The Official Historical Society of Schuylkill County

The President Visits Pottsville


With President’s Day approaching it is a time to reminisce about the first time a President of the United States visited Schuylkill County.  The day was October 20, 1952.  Maybe you can reminisce but I can’t as I was not there.  Even if I had been there I would have been too young to remember anything.  I was only a toddler.  My thoughts would have been about getting a Mr. Potato Head for Christmas – it was the brand-new toy that was introduced that year and would sweep the nation.  Now that is something I can personally reminisce about….Back to the blog about when a President of the United States visited Schuylkill County…

From my research, the crowd that filled the streets to greet President Harry S. Truman at the downtown train station in Pottsville on October 20, 1952 was estimated to be between 12,000 and 20,000.  When Mr. Truman alighted from the rear car of the lengthy 18 car Presidential train, his arrival marked the first time a sitting president visited the Schuylkill county seat.  Ulysses S. Grant, whose portrait adorns the fifty dollar bill, had been to Pottsville, so I read, but his visit was after he left the presidential office.  John F. Kennedy spoke at Garfield Square as a United States Senator running for the presidential office.

Among others there to greet President Truman was The Victory Band of Coaldale, so it was not just a Pottsville crowd.  Other bands in attendance were the “G. Frank Brumm All Girls Drum and Bugle Corps” of Minersville and The All-Girl Drum and Bugle Corps from both Tremont and Girardville. The President was on a whistle-stop train campaign tour of Pennsylvania, and as he appeared downtown surrounded by many newspaper reporters, secret servicemen and local politicos, such as Judge James Curran and county Democrat leader James Ryan.  Mayor George Heffner personally welcomed him.  The streets were all decorated in red, white and blue with flags everywhere.  The Chief Executive was greeted by shouts of “We Want Harry!” even though the President was not running for re-election but campaigning on behalf of Adlai Stevenson, who would soon be defeated by Dwight D. Eisenhower, the Republican candidate and war hero. Before President Truman entered his bullet-proof limousine for the ride to the stadium, his daughter and only child, Margaret was presented white orchids and roses from a group of women representing the garment labor unions.   The secret service had checked out all of the buildings in the downtown and along Market Street, along with the inhabitants.  Later when the President spoke at the Pottsville High School stadium the crowd was estimated to between 6,000 and 8,000 and was considered disappointing as the stadium’s capacity was 9,000.  However the weather was unseasonably bitter cold that evening which could have been a factor in keeping attendance down.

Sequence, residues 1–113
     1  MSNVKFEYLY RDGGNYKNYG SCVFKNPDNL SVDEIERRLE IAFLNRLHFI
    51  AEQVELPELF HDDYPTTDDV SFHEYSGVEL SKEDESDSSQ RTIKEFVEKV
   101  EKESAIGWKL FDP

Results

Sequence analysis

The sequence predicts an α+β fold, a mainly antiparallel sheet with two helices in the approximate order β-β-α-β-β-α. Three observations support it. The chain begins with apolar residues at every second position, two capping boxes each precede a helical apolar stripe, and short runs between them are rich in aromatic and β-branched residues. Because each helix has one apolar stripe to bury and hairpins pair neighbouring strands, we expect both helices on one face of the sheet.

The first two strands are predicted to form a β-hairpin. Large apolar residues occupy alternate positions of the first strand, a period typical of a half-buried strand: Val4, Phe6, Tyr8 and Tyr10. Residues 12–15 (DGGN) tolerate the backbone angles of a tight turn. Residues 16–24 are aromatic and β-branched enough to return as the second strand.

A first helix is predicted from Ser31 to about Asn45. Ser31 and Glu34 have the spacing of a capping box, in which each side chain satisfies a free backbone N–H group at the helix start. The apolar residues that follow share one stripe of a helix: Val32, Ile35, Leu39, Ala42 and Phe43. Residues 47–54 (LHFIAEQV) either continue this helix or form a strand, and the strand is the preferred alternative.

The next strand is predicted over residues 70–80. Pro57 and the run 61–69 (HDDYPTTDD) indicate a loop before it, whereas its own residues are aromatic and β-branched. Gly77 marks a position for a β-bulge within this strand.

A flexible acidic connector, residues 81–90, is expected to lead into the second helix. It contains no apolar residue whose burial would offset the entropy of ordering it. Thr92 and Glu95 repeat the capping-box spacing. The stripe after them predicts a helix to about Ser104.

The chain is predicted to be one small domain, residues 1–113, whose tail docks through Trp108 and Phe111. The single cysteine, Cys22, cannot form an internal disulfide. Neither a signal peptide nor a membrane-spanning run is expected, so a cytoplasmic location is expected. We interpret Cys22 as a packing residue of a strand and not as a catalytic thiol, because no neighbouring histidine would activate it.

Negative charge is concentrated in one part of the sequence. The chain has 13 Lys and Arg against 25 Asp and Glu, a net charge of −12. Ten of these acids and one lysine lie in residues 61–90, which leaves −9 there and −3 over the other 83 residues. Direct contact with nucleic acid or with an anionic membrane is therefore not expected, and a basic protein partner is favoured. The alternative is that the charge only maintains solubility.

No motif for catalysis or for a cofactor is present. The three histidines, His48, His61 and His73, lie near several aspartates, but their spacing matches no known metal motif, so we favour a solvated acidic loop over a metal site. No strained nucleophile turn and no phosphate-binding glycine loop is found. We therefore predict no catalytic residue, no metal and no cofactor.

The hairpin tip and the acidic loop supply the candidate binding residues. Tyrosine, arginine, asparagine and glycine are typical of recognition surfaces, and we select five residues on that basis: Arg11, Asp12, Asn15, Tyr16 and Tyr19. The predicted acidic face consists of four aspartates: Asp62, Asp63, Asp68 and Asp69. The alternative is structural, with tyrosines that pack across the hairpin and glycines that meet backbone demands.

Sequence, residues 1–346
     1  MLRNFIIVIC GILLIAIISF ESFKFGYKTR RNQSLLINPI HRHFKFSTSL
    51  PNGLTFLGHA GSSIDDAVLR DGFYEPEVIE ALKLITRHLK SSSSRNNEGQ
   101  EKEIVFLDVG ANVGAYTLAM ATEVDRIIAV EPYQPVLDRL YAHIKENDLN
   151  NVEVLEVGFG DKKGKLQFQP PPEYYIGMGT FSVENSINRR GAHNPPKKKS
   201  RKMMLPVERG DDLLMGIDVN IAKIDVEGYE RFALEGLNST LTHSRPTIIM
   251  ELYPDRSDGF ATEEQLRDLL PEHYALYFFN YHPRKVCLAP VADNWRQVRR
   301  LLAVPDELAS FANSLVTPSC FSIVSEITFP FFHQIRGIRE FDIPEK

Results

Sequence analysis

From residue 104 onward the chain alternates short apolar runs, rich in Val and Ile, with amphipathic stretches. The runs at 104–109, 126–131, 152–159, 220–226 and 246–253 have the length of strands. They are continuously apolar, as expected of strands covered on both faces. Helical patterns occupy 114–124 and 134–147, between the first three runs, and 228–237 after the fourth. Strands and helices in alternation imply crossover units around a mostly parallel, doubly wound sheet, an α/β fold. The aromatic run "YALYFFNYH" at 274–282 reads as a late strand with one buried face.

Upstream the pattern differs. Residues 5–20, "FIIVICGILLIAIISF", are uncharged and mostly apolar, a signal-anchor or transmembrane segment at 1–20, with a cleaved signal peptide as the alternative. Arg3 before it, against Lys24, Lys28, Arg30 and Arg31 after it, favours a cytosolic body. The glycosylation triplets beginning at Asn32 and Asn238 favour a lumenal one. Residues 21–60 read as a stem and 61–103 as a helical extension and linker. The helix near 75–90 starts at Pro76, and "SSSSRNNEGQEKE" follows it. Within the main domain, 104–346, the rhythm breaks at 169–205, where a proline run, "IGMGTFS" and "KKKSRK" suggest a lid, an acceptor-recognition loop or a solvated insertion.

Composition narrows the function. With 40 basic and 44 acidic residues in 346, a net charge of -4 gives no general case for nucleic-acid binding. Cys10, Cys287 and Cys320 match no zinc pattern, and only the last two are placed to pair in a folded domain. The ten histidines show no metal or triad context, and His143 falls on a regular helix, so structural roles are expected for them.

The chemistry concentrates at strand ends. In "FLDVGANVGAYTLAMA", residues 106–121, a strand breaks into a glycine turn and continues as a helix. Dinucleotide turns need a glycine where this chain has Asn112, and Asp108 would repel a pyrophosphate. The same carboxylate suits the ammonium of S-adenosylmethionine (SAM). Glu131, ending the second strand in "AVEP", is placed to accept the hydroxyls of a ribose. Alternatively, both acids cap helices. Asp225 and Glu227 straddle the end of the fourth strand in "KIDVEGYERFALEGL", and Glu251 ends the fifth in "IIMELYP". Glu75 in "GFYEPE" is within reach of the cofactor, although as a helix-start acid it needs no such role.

Harry S. Truman, although president in the age before twitter and the internet, he was known for sending out some caustic remarks that were thought to be unbecoming to the office.  The President wrote a letter to a newspaperman who criticized his daughter Margaret, a fledgling musician, as follows:

I’ve just read your lousy review of Margaret’s concert. I’ve come to the conclusion that you are an “eight ulcer man on four ulcer pay.”  It seems to me that you are a frustrated old man who wishes he could have been successful. When you write such poppy-cock as was in the back section of the paper you work for it shows conclusively that you’re off the beam and at least four of your ulcers are at work.  Someday I hope to meet you. When that happens you’ll need a new nose, a lot of beefsteak for black eyes, and perhaps a supporter below!

 

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